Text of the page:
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Tag: nazis

What’s Yiffin’? – June 2017 edition of syndicated furry news.

by André Kon

Can you believe it’s been five months since What’s Yiffin’ was picked up by Dogpatch Press? We can’t; it still feels like we’re just getting started here every month even though this feature is now a regular thing (and we’ve been running this series since 2015). It’s all about having confidence really, and this will make a nice segue into one of our stories because it’s exactly that. No, wait that’s “Confurence”. Anyway we’ve got your usual lineup this month: something gets cancelled, someone phones in a bomb threat somewhere, and Dracokon complains about the current state of the fandom. Get out your officially licensed What’s Yiffin’ bingo cards and play along because it’s time to start this article proper.

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A Brief History of Cartoon Animals Punching Nazis

by Arrkay

Dogpatch Press welcomes Arrkay of furry channel Culturally F’d.

Nazi-panic got you down? It seems these days everywhere you look there seems to be some sour racists ruining someone’s day. Don’t worry, we’re here to help.

Working on Culturally F’d gives me a great outlet to explore anthropomorphic animals throughout history and media. So after the public twitter discussions about whether or not it’s ok to punch nazis, I recalled some historical examples that helped. Throughout the 1930s and 1940s, there was a huge push in propaganda on all fronts. They encouraged spending money on war-bonds, saving fats and scrap metals, starting community “victory” gardens, empowering a new female workforce, perpetuating false-optimism of a short war, warning against spies listening in, and attempting to shape public opinion and spark a sense of national identity. The military’s of the world commissioned animators to help influence public opinion during a time when Nazi Germany was beginning it’s invasions, and it was becoming clear to more and more governments that the Axis powers were not slowing down or stopping.

Propaganda like these were created to help sway public opinion, and to paint a caricature of the enemies. This was at times, incredibly offensive and racist, and it’s important we don’t forget that and that we don’t repeat it again.

We’re going to start with Animated Shorts, which were created to precede or follow newsreels of current events, often part of a pre-show for a larger, longer feature presentation in the movie theatre.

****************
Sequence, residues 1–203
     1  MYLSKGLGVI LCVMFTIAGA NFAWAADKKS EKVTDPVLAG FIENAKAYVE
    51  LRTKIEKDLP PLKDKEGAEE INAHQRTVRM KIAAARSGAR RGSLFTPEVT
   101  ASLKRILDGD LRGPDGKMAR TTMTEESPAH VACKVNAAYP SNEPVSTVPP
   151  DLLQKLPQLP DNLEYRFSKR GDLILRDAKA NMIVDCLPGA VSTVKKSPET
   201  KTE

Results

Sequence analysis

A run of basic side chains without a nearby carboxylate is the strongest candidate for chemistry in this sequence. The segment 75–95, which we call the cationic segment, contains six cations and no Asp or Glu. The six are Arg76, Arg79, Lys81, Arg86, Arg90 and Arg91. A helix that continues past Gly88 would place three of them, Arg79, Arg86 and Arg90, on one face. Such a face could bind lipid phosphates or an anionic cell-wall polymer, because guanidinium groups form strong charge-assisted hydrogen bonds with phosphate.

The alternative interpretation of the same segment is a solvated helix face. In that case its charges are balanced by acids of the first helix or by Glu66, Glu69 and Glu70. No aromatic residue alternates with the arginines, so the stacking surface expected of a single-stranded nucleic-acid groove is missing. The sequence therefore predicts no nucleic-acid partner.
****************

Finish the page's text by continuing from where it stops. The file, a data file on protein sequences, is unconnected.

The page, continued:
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Rocky Mountain Fur Con backs neo-nazis, sex offender to intimidate critic for reporting threat.

by Dogpatch Press Staff

A Dogpatch Press exclusive report for community interest.

BACKGROUND: A neo-nazi cult-like group (the “Furry Raiders”) is agitating the Colorado Furries.  They recruit members with gifts, grooming, and manipulation.  It makes a classic appeal to people who are desperate to belong to a group. The Furry Raiders self-create an “us vs. them” situation by provoking others so they can pretend to be treated unfairly.   Their trolling includes assault, spreading hate speech, display of nazi-style apparel, refusing to honor meet rules, posting photos of people against their wishes, doxxing enemies to harrass them on the phone, and persistent straw-man attacks at “SJW’s”. In 2016, they provoked wider attention when they tried to gain power at Rocky Mountain Fur Con by interfering with the hotel room block.  In early 2017, they gained more mainstream news headlines.

There is a spotlight on furries and the subculture they love. This report, with participation of many concerned Colorado furries, is not to sensationalize the fringe so media can mischaracterize the rest. Their message is that they care enough to oppose malicious behavior, so protecting a superficial image is less important than making a good community.

Deo, a steelworker in the midwest, was upset about the trolls.  They were ruining what the furry community represents to her.

It made her connect current events to the problem.  She tweeted about punching Nazis.  It was a rhetorical comment in line with the patriotic spirit of entire generations of Americans since WWII.

A troll answered to threaten her.  It involved Rocky Mountain Fur Con.  Deo had never gone and wasn’t planning to go, but cared enough about other furs to notify police and hotel security.* Deo says: “It started when a Furry Raider member @Oliviameles threatened to bring a gun to RMFC – I contacted RMFC con security to warn them.  I never received a reply to my email.” 

(*Update: on 7/16/17, clarification was requested. Deo gave an accurate quote of emailing the con only. It was lumped with “hotel” the con was in, an editing error referencing the quote and email I saw. Deo didn’t contact police in Colorado. I was told of consulting local jurisdiction about her safety but they wouldn’t pursue net activity.

In the below screenshot: 1) Deo’s 1/26/17 tweet is a meme joke about that week’s much hyped news of Richard Spencer being punched. 2) The chair and staff of RMFC confirmed that there were many threats before and after Deo’s tweet and the hotel did not act until March.)

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